It's a good design for the circumstances of post-war Britain, but we aren't living in a copper shortage right now.
Surely it is better to have a lower amp fuse tailored to the device, than a high amperage fuse that's happy to send 3000 watts into your dodgy mobile phone charger without fusing.
Ehh. While I see the logic in the rest of your argument, I don't see how being able to change the fuse means the device on the end of the fuse can not be reliably protected. If anything, being able to adjust the fuse to the needs of the device is even better, e.g. if you go from a high-load bulb to something like an LED. I'm not saying anyone runs around the house checking every fuse in every wire, but this does seem like a consideration you've not really made.
> It can't protect wires because it's after the house wiring
I don't see how it can't protect the wires, could you give an example? If a device with a 13A fuse is drawing over 3120W, the fuse will blow to protect the device itself and the house wiring. Could you elaborate on this, please?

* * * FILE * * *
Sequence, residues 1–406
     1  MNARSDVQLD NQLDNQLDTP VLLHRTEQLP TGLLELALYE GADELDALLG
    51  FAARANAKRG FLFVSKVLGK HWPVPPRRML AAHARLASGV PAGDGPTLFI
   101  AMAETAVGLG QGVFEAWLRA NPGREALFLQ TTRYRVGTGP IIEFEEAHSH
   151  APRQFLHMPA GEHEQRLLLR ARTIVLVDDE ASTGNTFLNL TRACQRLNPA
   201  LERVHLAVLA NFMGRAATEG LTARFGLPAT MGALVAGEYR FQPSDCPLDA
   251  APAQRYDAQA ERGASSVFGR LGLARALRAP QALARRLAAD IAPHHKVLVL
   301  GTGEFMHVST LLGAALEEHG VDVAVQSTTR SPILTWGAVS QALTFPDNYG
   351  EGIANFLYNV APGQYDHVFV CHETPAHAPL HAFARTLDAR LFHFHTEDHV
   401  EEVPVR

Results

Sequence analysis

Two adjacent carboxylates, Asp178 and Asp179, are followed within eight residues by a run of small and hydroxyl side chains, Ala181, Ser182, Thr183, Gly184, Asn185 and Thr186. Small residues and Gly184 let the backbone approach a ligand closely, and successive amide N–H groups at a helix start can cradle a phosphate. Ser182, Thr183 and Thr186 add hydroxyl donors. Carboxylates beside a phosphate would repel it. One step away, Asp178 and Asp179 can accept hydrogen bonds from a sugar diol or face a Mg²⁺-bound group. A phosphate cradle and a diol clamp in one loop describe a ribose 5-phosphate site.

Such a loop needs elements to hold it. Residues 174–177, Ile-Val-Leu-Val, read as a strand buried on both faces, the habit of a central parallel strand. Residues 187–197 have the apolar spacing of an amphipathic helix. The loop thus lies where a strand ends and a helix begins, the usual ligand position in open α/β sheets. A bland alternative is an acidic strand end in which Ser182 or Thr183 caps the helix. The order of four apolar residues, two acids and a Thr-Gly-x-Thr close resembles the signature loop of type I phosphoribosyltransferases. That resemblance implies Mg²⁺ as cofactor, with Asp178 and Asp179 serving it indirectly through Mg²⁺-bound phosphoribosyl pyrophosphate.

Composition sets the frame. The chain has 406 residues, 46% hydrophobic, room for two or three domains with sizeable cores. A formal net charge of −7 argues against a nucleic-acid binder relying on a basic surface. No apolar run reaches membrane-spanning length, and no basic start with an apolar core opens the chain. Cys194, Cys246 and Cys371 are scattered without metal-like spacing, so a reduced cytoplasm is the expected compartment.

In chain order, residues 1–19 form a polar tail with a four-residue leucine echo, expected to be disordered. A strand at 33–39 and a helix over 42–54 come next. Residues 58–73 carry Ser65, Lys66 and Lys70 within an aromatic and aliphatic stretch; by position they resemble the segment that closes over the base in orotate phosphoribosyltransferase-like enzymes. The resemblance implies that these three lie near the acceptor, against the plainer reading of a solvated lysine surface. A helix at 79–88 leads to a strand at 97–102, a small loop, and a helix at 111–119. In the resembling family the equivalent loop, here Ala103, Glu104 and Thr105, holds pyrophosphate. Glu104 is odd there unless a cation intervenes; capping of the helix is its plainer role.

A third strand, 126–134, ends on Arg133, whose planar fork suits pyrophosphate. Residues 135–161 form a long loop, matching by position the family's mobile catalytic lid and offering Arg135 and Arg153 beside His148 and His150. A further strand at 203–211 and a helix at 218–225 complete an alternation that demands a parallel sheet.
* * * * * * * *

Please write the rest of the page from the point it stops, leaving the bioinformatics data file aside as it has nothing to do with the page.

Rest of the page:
> so you put the entire flat or even house on one circuit with one fuse.
Yeah, and we still use that system today. In most residential houses in Britain, we have a main fuse coming into the house. The rating of the fuse depends on what the house can take, e.g. 60A, 80A, or 100A. The main high amperage circuit in most homes in the UK would be the shower, which needs more than 3000W. Mine is a 6.5kW shower with 32A wiring (and the respective RCD).
I personally think fuses in plugs also serve as a common sense mechanism: if your computer monitor is drawing 13A, there's obviously something wrong. That's where the fuse comes in. It's just another protection.
Without that fuse though, the wire overheats, and you get a fire.
Looking at the fairly new soldering iron plug next to me, with a 3A fuse that wire does not look anywhere near thick enough to qualify for passing 13A.
I've heard horror stories about American plug sockets. It's just way too easy to shock yourself. And then you have all the other weirdness, like 240V on the grid being stepped down for 120V for appliances. Wouldn't it be easier (and more energy-efficient), to use 240V instead of stepping it down and having to pull more current at the appliance level to make up for the voltage?